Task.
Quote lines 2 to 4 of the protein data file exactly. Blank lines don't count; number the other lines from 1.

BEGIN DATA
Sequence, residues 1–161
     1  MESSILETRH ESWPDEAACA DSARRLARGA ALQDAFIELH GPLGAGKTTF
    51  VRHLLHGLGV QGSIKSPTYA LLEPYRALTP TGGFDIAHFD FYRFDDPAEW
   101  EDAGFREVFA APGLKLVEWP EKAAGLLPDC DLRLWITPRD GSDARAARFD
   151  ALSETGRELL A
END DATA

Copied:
     1  MESSILETRH ESWPDEAACA DSARRLARGA ALQDAFIELH GPLGAGKTTF
    51  VRHLLHGLGV QGSIKSPTYA LLEPYRALTP TGGFDIAHFD FYRFDDPAEW
   101  EDAGFREVFA APGLKLVEWP EKAAGLLPDC DLRLWITPRD GSDARAARFD